I decided to focus on the materials development perspective, thinking that it would be interesting to see what lesser-heard materials developers’ voices had to say, since the views of the great and good in ELT are already widely known,  and contrast this with what I could find in the literature.

My intuition told me that the themes of motivation, affect and engagement would feature prominently in my exploration of the issue and this was backed up by the data I collected. Thus, I decided to focus on these themes for my literature review, in addition to the theme of enjoyment itself.

Motivation

Dornyei (2005; 2013) coined the L2 Motivational Self System. This consists of 3 components:

  • Ideal L2 self: This refers to a learner’s future self image, hopes and aspirations in relation to using the foreign language.
  • The ought self: This refers to the attributes a learner believes he or she ought to possess, in terms of using the foreign language. So this relates to someone else’s vision with regards a learner’s foreign language usage.
  • The L2 learning experience: This refers to “situation-specific motives related to the immediate learning environment and experience (e.g. the positive impact of success or the enjoyable quality of a language course)”

Enjoyment, then, fits into the third component of this L2 Motivation Self-system: The “enjoyable quality” of a course may motivate learners to continue learning, as may success. Of the three components, this third is the only one that relates directly to the current learning environment and the effect this has on motivation, and we can draw the conclusion that enjoyment may be a factor in motivation. However, it is worth noting  it’s an “or”, rather than an essential component. How essential a component it is will depend largely on the learner’s personality and learning goals.

Affect

Krashen’s affective filter hypothesis aims to account for lack of acquisition in the face of appropriate input. Within this theory, the affective filter is “a metaphorical barrier that prevents learners from acquiring language even when appropriate input is available” (Lightbown and Spada, 2006:37). Where does enjoyment fit in with this? If we enquire in to what makes the affective filter go up, we find that “a learner who is tense, anxious or bored may ‘filter out’ input, making it unavailable for acquisition” (Ibid). Thus, lack of confidence, worry, insecurity, nerves, or as mentioned by Lightbown and Spada, tension, anxiety or boredom, may all contribute to the affective filter going up and preventing acquisition. This being the case, the learner would certainly not be enjoying him or herself.

However, enjoyment is not the opposite of all of these things, though it may emerge if the opposites are cultivated. The opposites themselves are confidence for lack of confidence/insecurity, interest for boredom, calmness and relaxation for anxiety/worry/nerves. These enable learning by lowering the affective filter. Do they arise from enjoyment? Possibly, but not necessarily.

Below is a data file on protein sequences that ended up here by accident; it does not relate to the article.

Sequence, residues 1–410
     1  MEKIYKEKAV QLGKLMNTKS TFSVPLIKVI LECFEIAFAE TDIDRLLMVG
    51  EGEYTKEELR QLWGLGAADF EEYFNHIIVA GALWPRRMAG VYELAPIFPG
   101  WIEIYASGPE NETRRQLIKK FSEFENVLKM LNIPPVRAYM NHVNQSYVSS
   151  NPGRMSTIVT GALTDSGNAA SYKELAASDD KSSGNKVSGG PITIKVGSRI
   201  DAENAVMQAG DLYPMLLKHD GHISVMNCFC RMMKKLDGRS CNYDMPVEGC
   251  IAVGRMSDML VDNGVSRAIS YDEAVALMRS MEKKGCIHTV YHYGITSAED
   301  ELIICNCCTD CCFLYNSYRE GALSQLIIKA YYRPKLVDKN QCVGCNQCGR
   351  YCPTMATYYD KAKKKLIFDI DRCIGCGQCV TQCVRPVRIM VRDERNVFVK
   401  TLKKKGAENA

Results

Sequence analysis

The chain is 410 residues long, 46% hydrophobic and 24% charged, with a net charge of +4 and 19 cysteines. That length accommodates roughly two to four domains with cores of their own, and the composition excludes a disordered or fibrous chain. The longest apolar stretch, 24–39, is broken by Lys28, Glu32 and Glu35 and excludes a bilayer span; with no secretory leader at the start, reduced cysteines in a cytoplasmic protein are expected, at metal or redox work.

Engagement

Engagement appears with high frequency in the literature. It often collocates with ‘cognitive’ and ‘affective’:

Cognitive Engagement:

“Thinking while experiencing language in use helps to achieve the deep processing required for effective and durable learning (Craik and Lockhart 1972)” (Tomlinson, 2010:88-89)

 Affective Engagement:

“Affective engagement with language in use also has the considerable advantage of stimulating a fuller use of the resources of the brain (Bolitho et al. 2003:256)

The argument for engaging learners cognitively is that the increased depth of processing that results leads to a greater degree of learning taking place. It requires the transfer of higher level skills such as predicting, connecting and evaluating.  An example of a cognitively engaging activity would be a consciousness-raising grammar-based task.

The argument for engaging learners affectively is that this fires up neural pathways, which enables the multi-representation of language that is required for deeper processing of language and more meaningful learning.

It is widely agreed that both of these are central to language learning and acquisition. Now, one could argue that affective and cognitive engagement equal enjoyment. However, enjoyment does not necessarily equal affective and cognitive engagement. As an extreme example, a learner could be sat in the back of class happy as a clam, daydreaming about the hot date they have planned for that evening – they’d be enjoying themselves but they would not be engaged.

Enjoyment

Having explored the above three themes, I also investigated the role of enjoyment itself in the literature. A search, using Evernote’s search function, of Tomlinson (2012)’s literature review of Materials Development for Language Learning, only identified a single allusion. This was to Grant (1987) and was being used as an example of a poor evaluation criteria. Questionability of criteria aside, this was a case of appropriacy to context/age/level of learners that would be the design goal rather than ‘enjoyment’ per se. Enjoyment may emerge, but not necessarily.